As the commander in this scenario, it is your duty to give that command. Giving advice is not the way to go, it might be ignored. Asking the opinion of the commanded might help you realize that he/she is truly ignorant. It will not help mitigate the danger. Taking all this into account, we can define the commander side of the rule as:

‘Giving a command is necessary if the person receiving the command is not aware how to get out of immediate danger and you are.’

As the commanded in this scenario, you will most likely love to receive orders. You are in danger, so any help is appreciated. There are cases however where the danger itself is not clear to the person receiving the command. Think of a 2 year old almost walking onto the road. The kid cannot see that there is a car coming at him with 50 km/h.

‘Following a command is necessary if you are¬†in immediate danger and the command comes from someone¬†who does know how to take it away.’

Applying the rule to business

In work environments, there are scenarios imaginable where this rule applies. I
have a few examples in mind:

  • Authority applied in case of an emergencyImagine your office¬†building would be on fire. You would¬†follow the evacuation instructions of the Emergency Response Officers. They have been trained to know what to do, you haven’t. If you were to use the elevator, they would have to command you not to do so. The elevators are not safe in case of fire, so use the staircase instead.
  • If you are working in an assembly line there might be situations where heavy machinery can threaten your life. If you are not yet very experienced, you can easily make a mistake that would cost you dearly. Your colleagues telling you what not to do would be very helpful.
  • A doctor in training in the Emergency Room might endanger someone else’s life with his choices. Consider if¬†the doctor in training would choose the wrong procedure in a critical situation. All parties would benefit if the doctor that was mentoring him, told him what¬†procedure to use instead.

These are exceptional situations though. Most people will not encounter life and death decisions in their work.

I have thought a lot about this rule and about whether it should be interpreted loosely. We could talk about immediate danger as a danger to the company, not to the individual. I cannot come up with decisions that are about life and death of a company, that also include a timing aspect. There are certainly decisions that can put a company in danger of bankruptcy. I have not found a single decision that was so time critical that it would require someone issuing a command. Can you think of such a situation?

Appreciating the command

Giving and receiving a command is an invasive means of communication. The commanded may feel violated afterwards. The commander can feel a strong reservation before commanding. On either side of authority it helps to ask questions regarding:

  • protection – is that really the aim? Is the person issuing the command capable of providing protection?
  • ignorant – is there really no skill and/or knowledge?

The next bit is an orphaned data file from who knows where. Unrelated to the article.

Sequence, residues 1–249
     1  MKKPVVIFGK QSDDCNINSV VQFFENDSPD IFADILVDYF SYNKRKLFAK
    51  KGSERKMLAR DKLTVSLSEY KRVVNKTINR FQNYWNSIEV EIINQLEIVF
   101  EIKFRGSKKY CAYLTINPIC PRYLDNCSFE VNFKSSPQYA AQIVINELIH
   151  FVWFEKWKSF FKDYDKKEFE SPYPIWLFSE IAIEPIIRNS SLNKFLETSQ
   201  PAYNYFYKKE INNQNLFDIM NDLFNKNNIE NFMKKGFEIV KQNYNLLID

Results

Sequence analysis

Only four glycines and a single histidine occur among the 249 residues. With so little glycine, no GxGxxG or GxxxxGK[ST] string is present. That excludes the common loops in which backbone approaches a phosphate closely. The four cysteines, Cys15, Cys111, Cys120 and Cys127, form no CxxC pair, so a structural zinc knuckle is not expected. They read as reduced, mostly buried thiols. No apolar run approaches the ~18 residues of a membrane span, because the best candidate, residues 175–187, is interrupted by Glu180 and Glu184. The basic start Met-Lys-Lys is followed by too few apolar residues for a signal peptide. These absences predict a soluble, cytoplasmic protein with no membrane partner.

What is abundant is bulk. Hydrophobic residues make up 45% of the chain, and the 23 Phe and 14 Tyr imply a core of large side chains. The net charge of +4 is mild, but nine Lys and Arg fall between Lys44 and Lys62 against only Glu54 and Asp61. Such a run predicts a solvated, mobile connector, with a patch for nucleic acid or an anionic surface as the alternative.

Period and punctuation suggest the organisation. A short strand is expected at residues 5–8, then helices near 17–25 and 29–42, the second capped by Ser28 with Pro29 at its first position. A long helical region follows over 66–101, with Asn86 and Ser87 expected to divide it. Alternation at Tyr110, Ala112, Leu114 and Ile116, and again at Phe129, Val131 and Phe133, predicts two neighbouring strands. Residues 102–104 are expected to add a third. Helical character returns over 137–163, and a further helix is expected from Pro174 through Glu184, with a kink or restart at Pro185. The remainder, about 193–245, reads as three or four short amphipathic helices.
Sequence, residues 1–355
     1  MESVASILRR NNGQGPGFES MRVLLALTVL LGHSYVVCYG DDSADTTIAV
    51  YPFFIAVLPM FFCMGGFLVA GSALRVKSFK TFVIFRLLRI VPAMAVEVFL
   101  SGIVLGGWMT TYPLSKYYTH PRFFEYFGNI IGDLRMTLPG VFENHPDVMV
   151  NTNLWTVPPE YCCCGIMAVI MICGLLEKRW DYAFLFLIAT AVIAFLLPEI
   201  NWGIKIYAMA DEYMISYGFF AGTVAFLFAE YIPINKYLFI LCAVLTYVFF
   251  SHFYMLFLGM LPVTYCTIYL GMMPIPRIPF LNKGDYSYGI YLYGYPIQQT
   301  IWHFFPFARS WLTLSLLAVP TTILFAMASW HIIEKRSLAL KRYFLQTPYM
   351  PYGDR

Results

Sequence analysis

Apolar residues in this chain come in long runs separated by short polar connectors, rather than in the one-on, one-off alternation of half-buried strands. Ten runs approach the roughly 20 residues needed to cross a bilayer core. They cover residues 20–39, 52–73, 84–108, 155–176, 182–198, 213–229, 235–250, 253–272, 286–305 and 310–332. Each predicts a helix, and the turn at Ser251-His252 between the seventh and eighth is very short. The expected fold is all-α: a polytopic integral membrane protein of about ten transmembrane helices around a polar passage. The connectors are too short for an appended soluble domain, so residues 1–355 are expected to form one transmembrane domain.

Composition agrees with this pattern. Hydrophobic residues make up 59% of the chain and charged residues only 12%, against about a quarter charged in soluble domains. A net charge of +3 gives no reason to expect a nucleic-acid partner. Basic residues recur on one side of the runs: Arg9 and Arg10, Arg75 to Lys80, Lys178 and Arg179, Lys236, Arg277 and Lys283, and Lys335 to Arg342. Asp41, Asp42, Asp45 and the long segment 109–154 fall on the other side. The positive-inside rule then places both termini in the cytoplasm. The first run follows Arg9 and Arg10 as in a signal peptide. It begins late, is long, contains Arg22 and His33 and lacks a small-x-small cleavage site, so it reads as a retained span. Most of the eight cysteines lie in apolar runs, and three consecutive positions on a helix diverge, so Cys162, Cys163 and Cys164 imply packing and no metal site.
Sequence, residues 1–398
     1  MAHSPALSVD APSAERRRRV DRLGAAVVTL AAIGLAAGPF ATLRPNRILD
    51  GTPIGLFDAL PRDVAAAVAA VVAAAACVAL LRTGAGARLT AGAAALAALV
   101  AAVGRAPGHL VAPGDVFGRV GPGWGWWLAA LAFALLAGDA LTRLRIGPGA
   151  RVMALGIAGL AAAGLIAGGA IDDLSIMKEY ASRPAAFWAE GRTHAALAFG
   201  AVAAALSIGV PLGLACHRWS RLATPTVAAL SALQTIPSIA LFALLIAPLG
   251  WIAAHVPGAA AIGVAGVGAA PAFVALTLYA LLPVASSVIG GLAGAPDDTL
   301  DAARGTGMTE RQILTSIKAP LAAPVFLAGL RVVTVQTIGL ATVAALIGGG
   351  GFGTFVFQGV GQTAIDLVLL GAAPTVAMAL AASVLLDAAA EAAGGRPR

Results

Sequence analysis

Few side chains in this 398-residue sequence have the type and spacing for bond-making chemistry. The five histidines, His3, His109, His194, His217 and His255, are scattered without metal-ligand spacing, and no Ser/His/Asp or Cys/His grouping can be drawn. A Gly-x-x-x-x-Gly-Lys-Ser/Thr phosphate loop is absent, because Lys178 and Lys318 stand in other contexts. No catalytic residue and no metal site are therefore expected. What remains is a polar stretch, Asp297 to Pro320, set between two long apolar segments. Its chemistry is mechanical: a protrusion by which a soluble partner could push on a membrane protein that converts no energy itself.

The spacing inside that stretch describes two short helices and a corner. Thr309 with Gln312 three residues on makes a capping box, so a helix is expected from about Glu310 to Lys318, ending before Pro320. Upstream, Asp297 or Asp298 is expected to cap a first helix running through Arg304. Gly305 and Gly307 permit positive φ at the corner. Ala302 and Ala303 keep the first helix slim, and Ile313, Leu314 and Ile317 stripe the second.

• immediate – is there really a time element?
  • danger – is there really any danger?

There is not always time to ask these questions in the situation itself, time is an element here after all. It could be very helpful though to discuss the situation afterwards. Answering the above questions can help clear the air afterwards.

What then?

As I mentioned, this is the first rule. There are definitely more rules necessary, this one rule does not fit all situations. Can you think of situations where commanding is necessary? Your feedback helps! I will attempt to come up with a complete set of rules that help make the decision to command or not.

In the next blog posts, I will also go into methods of communication and even leading people that can be used without directly using authority. Expect a post on Reinventing Organizations, one about the Ladder of Leadership, also known as Levels of Delegation and a few with more rules for when to use authority. See you soon!

Please note: I reserve the right to delete comments that are offensive or off-topic.

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4 thoughts on “My issues with authority (3 of 3): rules for commanding!

  1. Very nice Martin. I think it’s possible for an organization to be in immediate danger (a hostile takeover, a legal or security crisis of massive proportions). But as you said this would be rare, and would still benefit from your rules of command.

  2. Good point Peter, it might happen. The security crisis might be the most relevant one you mentioned, that merits some thought. What I do wonder though, is whether a really urgent security crisis is about the company or about the lives of the people working there. What do you think?

    The takeover and legal crisis would take hours or even days I would think. In those situations, we could still be polite to each other and get full cooperation by valuing each others input. The solution will always be better if we all give our best. Just my 2 cents ūüėČ